Prisoners study classics with Rutgers professor


frontprisoncourtesy
Photo by rutgers.edu |

Emily Allen-Hornblower, an associate professor in the Department of Classics, is working with prisoners to educate them on different literary works.


Inmates in local prisons are now studying the works of Aristotle and Homer because Emily Allen-Hornblower, an associate professor in the Department of Classics. 

Allen-Hornblower teaches a world civilization course to a class of 22 inmates at a maximum-security prison in Rahway.

Christopher Etienne, a Rutgers alumnus and winner of the Flip Wilson Memorial scholarship, tutored at a prison while completing his college education and was an inspiration for Allen-Hornblower.

“He was very eloquent and his story moved me,” Allen-Hornblower said. “I wanted to be in touch with him — to find out more about opportunities for teaching behind bars, which is something I had always thought about doing.”

Allen-Hornblower met with Etienne and learned about the work he did with formerly incarcerated students, as well as the program NJ-STEP.

She quickly became involved and met a group of inmates working towards an associate’s degrees in prison.

They spoke about themselves, how they felt broken, and how pursuing an education and obtaining college credit had transformed their lives, she said. And it was clear that it had.

The inmates gave off an incredible vibe, Allen-Hornblower said.

“They had the sort of resilience that would give anybody the hope and strength to pursue their dreams in the most challenging of circumstances,” she said. “I told them about the classics and some of my interests in ancient literature, myth and social and cultural history — and they wanted to hear more.”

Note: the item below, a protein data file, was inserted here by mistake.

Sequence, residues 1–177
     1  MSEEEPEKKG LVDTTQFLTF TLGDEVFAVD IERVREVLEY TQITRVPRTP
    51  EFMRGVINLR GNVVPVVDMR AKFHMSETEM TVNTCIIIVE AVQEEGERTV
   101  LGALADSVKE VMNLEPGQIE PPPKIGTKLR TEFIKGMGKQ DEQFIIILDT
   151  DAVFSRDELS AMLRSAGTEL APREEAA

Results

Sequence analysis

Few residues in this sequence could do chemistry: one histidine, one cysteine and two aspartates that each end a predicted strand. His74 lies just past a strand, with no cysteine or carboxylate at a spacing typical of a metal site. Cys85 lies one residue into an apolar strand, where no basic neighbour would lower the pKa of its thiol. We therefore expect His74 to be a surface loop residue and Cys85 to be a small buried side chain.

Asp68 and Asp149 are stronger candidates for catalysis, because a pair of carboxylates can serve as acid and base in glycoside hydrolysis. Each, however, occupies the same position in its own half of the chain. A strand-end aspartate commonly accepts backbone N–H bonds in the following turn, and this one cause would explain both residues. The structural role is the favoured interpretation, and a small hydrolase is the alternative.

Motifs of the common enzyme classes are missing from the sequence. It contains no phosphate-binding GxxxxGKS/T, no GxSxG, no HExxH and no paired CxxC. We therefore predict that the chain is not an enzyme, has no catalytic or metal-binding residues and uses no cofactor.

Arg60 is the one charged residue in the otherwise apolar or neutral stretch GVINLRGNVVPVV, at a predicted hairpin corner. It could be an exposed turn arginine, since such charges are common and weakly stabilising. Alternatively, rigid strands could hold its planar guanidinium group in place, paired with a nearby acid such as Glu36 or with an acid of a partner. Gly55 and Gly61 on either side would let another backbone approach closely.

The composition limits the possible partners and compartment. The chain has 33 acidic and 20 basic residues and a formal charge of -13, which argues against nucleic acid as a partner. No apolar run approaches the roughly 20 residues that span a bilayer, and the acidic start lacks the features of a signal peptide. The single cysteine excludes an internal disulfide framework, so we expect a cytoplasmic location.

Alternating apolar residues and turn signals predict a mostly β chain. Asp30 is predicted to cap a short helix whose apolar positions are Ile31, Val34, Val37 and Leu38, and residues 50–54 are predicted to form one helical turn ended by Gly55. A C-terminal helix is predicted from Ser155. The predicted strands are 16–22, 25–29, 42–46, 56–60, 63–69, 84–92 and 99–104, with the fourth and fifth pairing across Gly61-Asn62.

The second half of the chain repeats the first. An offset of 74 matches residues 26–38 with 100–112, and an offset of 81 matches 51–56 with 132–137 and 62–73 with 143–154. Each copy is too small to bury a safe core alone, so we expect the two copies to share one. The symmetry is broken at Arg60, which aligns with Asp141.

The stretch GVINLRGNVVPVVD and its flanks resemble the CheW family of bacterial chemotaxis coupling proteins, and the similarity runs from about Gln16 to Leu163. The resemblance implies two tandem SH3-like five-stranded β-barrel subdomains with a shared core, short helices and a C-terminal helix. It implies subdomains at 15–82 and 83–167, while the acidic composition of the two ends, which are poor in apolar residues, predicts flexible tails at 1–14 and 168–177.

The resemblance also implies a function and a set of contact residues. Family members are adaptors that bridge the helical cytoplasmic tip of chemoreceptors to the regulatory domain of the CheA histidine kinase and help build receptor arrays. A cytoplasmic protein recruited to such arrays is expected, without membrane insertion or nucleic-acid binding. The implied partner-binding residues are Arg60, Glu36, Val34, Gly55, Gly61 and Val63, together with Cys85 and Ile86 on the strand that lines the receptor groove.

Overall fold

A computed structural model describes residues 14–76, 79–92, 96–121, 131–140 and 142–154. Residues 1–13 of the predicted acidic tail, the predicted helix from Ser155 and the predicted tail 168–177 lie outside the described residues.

Allen-Hornblower began teaching History 101 Western Civilization soon after at Northern State Prison. She taught a full semester’s worth of material over the course of the summer, meeting for several hours in the morning.

“This was one of the most rewarding and transformative teaching experiences of my life,” she said. “These students are amazing. They want to do more than the reading you give them. They want more assignments. They are hungry for discussion and knowledge.”

Everything is genuine and straight-forward, she said. Important issues are addressed without beating around the bush. 

“(They are) so respectful, intellectually curious and insightful. I learned so much,” she said. “I left every session feeling enriched by their questions and comments.”

This semester, Allen-Horblower is teaching nights at the maximum security prison in Rahway.

The students have amazed her with their dedication and passion for learning.

“They bring an entirely new and enriching lens to the material we are looking at — whether it is historical, social, economic, religious — and their readings make for incredibly fruitful and intense discussions,” she said.

Allen-Hornblower loves every moment of her work.

“Thanks to initiatives like NJ-STEP, inmates are given a chance to pursue what was never given to them before and things are changing in terms of public perception of those behind bars,” she said.

With every hour of education, the rate of recidivism decreases, she said, which is a way to solve the “revolving door problem.”

“(This program helps) to advance social justice and, most importantly, to remind ourselves and everyone involved of the humanity that we share and connects us,” she said. “This initiative benefits everyone in the end.”


Noa Halff is a School of Arts and Sciences sophomore majoring in journalism and media studies. She is an associate news editor for The Daily Targum.


Noa Halff

Comments powered by Disqus

Please note All comments are eligible for publication in The Daily Targum.